Ever since the government demonetized old Rs 500 and Rs 1,000 notes, there has been a big push for digital payments in the country. In its mission to build a cashless economy , the government has been encouraging mobile wallets, online and card-based payments among people and merchants. As expected, digital payment has seen a meteoric rise in adoption but it still remains beyond the reach of people in rural and remote areas of the country. One of the hurdles is the low penetration of smartphones or internet-enabled phones, which has resulted in low uptake of platforms like UPI or even private platforms like Paytm or Airtel Money. Narrowing down the problem, the cost of smartphones hasn t come down to a price wherein they called affordable for people in rural and remote areas of the country. Also Read - Lava Probuds launched in India: You can grab it at Re 1 during first saleAlso Read - Lava Z2 Max with a 7-inch display launched in India: Price, specifications
The government is now looking to address this problem by asking local handset players like Micromax, Lava, Intex and Karbonn to develop sub-Rs 2,000 smartphones with capabilities to scan for Aadhaar-based financial transactions and eventually carry out digital payments with ease, reports ET. “The government s aim is to allow financial transactions from anywhere, devices which should also have the ability of scanning for Aadhaar-based financial transactions in the future,” ET quotes an industry executive as saying. Also Read - 5 delayed smartphone launches in India due to COVID-19 in May 2021
While the government aims to bring the majority of masses onboard to the digital economy, it doesn t intend to subsidize the cost of smartphones. Instead, it wants the smartphone companies to come with solutions to bring down the prices. The publication further reports that the government intends to roll out 20-25 million units of such ultra low-cost smartphones.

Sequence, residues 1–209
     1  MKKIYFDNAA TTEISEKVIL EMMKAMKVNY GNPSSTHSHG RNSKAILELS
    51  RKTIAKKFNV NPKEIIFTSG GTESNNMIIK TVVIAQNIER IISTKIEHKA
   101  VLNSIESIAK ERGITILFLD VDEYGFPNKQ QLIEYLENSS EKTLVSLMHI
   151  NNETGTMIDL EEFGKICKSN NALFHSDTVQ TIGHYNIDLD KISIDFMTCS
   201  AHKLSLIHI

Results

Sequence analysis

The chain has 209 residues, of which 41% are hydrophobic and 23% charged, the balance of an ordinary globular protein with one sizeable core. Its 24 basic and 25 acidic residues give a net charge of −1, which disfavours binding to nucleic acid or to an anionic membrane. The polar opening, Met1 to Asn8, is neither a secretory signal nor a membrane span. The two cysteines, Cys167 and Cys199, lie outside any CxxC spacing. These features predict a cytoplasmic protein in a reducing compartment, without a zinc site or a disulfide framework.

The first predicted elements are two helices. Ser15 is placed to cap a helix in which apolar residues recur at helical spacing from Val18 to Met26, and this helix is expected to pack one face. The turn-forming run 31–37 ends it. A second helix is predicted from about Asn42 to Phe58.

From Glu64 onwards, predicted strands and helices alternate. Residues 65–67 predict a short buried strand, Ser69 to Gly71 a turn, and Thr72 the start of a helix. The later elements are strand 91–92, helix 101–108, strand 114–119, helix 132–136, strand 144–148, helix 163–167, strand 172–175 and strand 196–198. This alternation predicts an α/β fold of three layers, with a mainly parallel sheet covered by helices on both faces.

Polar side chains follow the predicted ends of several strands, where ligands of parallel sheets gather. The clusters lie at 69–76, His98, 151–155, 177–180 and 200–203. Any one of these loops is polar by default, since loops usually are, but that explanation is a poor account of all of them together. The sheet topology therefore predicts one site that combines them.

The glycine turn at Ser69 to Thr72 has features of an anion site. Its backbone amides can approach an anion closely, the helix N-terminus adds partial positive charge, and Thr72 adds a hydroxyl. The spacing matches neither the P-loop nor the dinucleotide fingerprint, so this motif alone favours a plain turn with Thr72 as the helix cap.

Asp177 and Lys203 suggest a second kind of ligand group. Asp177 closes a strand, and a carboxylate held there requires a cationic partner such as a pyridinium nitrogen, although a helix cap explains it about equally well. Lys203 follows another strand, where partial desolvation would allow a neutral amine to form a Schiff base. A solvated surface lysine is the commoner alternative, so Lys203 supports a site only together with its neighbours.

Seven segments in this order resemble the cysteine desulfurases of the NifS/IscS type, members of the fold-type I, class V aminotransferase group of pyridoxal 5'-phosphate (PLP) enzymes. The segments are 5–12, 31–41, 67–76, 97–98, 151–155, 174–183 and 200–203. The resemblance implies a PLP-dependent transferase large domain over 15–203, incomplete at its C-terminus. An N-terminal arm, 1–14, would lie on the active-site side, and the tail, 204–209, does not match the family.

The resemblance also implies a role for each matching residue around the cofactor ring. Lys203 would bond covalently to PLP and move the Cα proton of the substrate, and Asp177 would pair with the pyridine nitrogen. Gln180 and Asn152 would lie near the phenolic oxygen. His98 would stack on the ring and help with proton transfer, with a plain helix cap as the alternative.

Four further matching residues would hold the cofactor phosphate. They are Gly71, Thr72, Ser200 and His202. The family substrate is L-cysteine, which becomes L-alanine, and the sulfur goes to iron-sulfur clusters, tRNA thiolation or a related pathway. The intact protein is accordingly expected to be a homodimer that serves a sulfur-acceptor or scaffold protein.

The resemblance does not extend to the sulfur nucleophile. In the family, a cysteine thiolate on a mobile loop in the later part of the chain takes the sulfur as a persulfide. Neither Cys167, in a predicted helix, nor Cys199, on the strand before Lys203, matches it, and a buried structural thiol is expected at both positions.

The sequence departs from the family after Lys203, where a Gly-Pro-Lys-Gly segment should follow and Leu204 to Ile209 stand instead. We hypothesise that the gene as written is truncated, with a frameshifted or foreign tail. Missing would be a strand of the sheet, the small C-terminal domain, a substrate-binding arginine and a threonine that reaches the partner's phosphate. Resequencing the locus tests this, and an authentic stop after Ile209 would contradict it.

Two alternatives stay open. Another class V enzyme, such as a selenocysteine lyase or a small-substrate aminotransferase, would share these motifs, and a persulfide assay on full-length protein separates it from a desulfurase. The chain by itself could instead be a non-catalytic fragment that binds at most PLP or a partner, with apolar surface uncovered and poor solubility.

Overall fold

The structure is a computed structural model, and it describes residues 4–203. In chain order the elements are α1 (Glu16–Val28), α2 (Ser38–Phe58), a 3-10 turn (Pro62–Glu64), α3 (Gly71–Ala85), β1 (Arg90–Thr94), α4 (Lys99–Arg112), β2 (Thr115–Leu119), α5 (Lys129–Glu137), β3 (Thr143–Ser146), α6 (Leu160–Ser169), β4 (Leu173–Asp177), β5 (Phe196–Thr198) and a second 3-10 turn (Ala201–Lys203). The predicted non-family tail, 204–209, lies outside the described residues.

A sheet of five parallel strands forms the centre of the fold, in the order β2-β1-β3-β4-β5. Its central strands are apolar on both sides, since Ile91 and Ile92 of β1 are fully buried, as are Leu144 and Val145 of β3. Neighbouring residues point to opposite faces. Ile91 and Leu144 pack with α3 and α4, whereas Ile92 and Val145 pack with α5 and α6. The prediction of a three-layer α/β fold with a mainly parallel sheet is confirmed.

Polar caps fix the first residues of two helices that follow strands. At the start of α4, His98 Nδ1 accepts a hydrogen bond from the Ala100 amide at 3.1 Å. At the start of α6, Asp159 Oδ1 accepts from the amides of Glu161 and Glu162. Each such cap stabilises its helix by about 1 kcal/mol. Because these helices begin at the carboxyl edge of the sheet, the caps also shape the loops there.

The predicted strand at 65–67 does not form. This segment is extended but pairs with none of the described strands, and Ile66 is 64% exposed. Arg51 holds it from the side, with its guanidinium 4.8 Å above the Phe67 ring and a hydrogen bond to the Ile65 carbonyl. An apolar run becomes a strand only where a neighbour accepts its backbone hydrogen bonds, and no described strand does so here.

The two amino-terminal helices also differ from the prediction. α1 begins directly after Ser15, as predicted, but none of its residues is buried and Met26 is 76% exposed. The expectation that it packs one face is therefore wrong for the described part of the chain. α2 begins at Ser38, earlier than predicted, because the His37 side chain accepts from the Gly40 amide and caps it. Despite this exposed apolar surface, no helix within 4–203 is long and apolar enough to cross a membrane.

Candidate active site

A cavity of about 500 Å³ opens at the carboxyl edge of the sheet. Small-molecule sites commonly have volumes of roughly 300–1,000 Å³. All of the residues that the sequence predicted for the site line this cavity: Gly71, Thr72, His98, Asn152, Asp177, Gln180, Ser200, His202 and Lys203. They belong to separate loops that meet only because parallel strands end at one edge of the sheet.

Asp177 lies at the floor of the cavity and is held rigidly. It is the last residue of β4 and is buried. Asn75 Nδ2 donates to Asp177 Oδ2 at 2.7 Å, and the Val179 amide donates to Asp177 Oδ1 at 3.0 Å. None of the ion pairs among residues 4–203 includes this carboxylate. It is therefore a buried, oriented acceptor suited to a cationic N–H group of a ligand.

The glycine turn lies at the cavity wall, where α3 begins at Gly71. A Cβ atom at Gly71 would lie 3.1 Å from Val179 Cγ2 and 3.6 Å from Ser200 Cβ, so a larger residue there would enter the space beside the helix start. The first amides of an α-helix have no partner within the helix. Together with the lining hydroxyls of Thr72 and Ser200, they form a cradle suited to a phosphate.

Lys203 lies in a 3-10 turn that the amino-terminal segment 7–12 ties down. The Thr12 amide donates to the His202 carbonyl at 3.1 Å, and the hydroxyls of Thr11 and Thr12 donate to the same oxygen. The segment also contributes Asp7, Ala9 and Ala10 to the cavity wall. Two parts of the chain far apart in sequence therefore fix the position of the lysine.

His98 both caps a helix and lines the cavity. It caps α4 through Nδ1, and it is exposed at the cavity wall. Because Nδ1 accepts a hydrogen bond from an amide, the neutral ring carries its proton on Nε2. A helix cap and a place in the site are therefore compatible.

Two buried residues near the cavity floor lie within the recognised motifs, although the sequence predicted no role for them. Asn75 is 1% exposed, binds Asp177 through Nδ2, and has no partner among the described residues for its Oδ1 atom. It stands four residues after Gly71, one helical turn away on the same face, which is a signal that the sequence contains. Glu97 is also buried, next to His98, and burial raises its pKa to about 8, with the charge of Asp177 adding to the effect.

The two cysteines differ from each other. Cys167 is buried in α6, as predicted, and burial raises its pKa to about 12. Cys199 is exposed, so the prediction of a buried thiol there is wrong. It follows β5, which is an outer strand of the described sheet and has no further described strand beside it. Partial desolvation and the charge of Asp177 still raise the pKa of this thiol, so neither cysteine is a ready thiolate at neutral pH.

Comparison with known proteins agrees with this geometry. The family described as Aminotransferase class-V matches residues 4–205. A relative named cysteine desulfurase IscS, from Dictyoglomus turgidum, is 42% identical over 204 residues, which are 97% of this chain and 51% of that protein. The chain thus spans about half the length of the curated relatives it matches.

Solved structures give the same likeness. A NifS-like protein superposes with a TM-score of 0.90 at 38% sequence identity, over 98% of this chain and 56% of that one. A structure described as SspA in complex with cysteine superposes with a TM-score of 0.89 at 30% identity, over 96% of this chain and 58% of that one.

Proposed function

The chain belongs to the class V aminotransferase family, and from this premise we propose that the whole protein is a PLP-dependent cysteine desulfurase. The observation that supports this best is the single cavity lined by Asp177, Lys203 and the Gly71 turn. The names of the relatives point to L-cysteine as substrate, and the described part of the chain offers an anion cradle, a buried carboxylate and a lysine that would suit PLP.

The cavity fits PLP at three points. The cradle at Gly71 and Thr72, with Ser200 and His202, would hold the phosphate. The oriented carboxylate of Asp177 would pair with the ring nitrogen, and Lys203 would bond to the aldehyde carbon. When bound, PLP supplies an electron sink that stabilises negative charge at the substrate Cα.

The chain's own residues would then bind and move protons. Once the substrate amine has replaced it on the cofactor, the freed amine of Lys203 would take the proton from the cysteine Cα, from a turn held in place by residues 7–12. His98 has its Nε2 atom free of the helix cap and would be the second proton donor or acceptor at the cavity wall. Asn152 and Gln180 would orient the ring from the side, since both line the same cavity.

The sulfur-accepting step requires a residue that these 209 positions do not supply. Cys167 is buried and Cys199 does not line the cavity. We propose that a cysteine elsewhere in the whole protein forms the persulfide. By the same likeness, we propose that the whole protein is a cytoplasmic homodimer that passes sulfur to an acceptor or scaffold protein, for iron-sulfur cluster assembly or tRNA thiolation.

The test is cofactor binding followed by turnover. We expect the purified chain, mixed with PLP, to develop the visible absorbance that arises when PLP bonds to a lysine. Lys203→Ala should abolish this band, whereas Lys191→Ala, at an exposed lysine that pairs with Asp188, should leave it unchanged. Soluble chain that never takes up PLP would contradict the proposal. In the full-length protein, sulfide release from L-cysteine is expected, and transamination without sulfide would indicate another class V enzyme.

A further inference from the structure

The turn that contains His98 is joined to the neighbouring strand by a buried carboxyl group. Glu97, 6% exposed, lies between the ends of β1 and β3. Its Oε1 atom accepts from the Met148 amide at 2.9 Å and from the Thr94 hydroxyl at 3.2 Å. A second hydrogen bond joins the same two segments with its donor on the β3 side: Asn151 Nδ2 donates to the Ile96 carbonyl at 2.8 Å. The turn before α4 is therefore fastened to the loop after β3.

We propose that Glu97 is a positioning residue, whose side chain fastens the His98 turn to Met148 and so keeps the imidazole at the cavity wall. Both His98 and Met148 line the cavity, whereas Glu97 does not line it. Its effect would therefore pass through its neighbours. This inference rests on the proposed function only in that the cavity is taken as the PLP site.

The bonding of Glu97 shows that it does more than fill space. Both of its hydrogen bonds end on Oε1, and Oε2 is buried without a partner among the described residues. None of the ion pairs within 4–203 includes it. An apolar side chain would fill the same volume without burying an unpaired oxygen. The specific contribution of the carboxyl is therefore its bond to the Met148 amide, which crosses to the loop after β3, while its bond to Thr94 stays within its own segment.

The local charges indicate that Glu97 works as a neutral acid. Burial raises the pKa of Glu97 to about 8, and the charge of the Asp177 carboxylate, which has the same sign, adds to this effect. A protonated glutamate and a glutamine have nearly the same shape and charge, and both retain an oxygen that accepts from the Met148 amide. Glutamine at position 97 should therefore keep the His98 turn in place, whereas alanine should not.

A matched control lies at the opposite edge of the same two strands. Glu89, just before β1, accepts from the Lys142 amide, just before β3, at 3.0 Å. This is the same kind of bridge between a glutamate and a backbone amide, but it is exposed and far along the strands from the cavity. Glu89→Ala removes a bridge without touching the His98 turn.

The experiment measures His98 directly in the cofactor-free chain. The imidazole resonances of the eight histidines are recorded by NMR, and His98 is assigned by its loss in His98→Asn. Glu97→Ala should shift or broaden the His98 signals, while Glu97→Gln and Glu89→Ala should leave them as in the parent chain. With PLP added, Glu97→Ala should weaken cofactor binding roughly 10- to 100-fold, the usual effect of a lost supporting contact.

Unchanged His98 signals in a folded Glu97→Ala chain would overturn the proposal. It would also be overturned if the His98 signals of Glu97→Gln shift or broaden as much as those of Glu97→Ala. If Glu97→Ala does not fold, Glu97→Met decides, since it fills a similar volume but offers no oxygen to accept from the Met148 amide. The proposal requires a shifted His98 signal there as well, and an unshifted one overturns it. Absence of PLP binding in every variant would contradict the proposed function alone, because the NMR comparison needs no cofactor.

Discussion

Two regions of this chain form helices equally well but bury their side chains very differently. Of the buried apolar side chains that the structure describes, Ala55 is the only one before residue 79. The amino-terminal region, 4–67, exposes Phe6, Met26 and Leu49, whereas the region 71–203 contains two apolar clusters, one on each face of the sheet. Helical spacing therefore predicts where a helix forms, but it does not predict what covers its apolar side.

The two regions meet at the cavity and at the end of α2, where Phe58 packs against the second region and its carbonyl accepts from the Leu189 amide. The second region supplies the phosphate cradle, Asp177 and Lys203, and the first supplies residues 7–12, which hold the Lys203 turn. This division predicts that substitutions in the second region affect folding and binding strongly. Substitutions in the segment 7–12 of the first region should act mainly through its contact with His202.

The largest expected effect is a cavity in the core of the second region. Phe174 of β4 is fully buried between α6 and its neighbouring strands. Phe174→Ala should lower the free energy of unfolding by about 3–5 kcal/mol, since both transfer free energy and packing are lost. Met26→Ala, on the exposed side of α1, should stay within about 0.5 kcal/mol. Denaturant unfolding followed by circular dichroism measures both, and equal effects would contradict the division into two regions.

Looking at the current market scenario, the government s ambitious plans for under Rs 2,000 smartphones seems like a distant dream. At present, 3G smartphones are available in the market for around Rs 3,000, whereas 4G smartphones are relatively expensive, though the price gap between entry-level 3G and 4G smartphones is decreasing fast. But the government doesn t intend to have just a 4G smartphone, but a phone with fingerprint scanner or iris scanner for biometric authentication along with high-quality processors and build quality. Right now, the cheapest smartphone with the fingerprint scanner is the Intex Cloud Scan FP, which is priced around Rs 3,700. Besides the fingerprint scanner, the smartphone has entry-level specifications like 1.2GHz Spreadtrum SC7731C SoC, 1GB of RAM and 5-inch FWVGA display. ALSO READ: BHIM app crosses 7 million downloads, 1 million transactions within first week of launch
“At this point it is not feasible for brands to make sub 30$ phone without incurring losses. As consumer will not buy phones for transactions purpose only, the expectation from smartphones are high. Massive shift in India is happening from feature phones to smartphones but that shift brings with itself a level of expectation- expectation of consuming content, expectation of watching videos and listening to music for longer time and hence need for better hardware features. To accommodate these features, Industry has reached a certain level of price point which is currently $50-$60,” Parv Sharma from Counterpoint Research told BGR India.
Moreover, the Indian handset players are already losing ground in the market to Chinese handset players like Xiaomi and Lenovo-Motorola. According to a recent IDC data, China-based smartphone makers, who drive sales primarily from the online marketplaces, accounted for more than 40 percent market share in the top 30 cities during the month of Diwali festival. With demonetization creating new challenges for these companies, another Counterpoint report has predicted a tough 2017 with some smartphone players exiting the market altogether. It s highly unlikely that the smartphone players, especially the Indian companies, will be up for the government s ambitious sub-Rs 2,000 smartphone plans, and risk piling up high volumes or have an advanced inventory. Interestingly, the government hasn t reached out to Chinese companies, which currently dominate the budget smartphone segment in the country.
While an ultra low-cost smartphone may seem like the need of the hour, the government has previously attempted to pull off something similar in the past and failed. The previous UPA government had pushed for an ultra low-cost Aakash tablet for bridging the digital divide in the country. On a related note, Google s Sundar Pichai, during his India visit, did say that the ideal price point for smartphones in the Indian market is $30, roughly Rs 2,000. He also said that Google was willing to make cheaper smartphones for the consumers in India.